“Definitely. Since late 2019, we had been ideating on an enterprise version of Muso for large hospitality venue groups and we used the Covid period to fast track that idea into a development reality. We had built relationships with organisations like Australian Venue Co, which has more than 150 venues across Australia and New Zealand and were receiving more inbound opportunities, so we knew there was a great opportunity. 

“We want Muso to become the industry standard for live entertainment, so we’ve focused on the features that embed us in the market. We’re now giving entertainment and hospitality groups greater visibility of bookings across their network, and full transparency on costs. Instead of keeping track of bookings on a per venue basis, they can get one invoice and eventually will be able to track ROI across their group. We’ve now signed Australian Venue Co as a customer and we’re confident it will be a game-changer for their business and also support artists to have access to a wider pool of gig opportunities.” 

Muso’s booking platform makes it easy for venues to discover and hire entertainment artists.

Looking at how venues and artists have adapted through COVID, what changes do you expect to see in the live music industry over the next year?

“The music industry has been very resilient; just like us, they pivoted quickly to drive other income streams, focus on streaming services and using social media to expand their audience base.” 

“Music is part of the fabric of our social experiences, so it’s already coming back quickly across the country but I do expect some elements will change as things continue to reopen. For bigger artists and venues, we’re seeing plans for more frequent, more intimate shows as opposed to large, ‘one night only’ events. Events will likely become ‘hyperlocal’ as many continue to work from home instead of getting together in the city, which will pave the way for ‘The Local’ to reignite itself as the home of live music.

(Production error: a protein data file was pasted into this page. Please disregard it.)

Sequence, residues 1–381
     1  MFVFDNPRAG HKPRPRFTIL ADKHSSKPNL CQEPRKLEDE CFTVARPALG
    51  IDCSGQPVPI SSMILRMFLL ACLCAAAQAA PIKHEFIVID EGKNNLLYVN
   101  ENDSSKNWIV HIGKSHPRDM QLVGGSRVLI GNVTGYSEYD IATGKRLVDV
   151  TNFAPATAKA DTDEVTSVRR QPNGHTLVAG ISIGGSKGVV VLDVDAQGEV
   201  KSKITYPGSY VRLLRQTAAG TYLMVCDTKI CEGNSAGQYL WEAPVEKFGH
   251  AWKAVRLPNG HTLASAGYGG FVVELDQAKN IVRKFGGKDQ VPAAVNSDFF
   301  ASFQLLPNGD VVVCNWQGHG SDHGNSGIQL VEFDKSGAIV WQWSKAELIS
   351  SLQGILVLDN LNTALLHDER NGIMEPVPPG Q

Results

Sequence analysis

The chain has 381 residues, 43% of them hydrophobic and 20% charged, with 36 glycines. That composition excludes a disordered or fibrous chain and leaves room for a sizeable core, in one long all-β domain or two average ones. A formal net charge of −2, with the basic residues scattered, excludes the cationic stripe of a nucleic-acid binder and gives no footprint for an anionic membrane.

“At the upper end of town, we’re also seeing artists and venues collaborating more on experiences to mitigate the impact of reduced capacity. I expect things like artist meet-and-greets or tickets bundled with food and beverage packages will be more popular next year to encourage fans to come to the venues earlier, attract more foot traffic and increase average spends.” 

What’s next for Muso?

“Having signed Australian Venue Co, we are focused on rolling out Muso across all of their 150+ venue locations, including expanding into their locations in New Zealand. Gigs with existing venues are starting to come back, but we’re also focused on engaging with other large venue groups, including looking a bit further afield and working with partners to getting a foothold in the US and UK.”

“We are building a stronger revenue base so that we can continue to develop and improve our products and services and are currently working on new solutions to increase venue patronage from foot traffic and helping venues maximise their entertainment ROI. 

Investor Perspective on Muso:

Investible joined Alberts Impact Capital, Unified Music Group and notable angel investors in backing Muso in late 2019. Investible’s Investment Director Daniel Veystblit says there were a number of factors about the business that attracted investors’ attention.

“Muso is led by an incredibly high-energy founder team who have consistently demonstrated that they have the passion and drive to succeed. Building a two-sided marketplace is never easy but Jeremiah, Alan and Brandon have identified a significant opportunity to improve the way artists and venues connect and work together. The development of its enterprise solution only solidifies its potential to become a staple in the live music scene and continue to grow internationally.”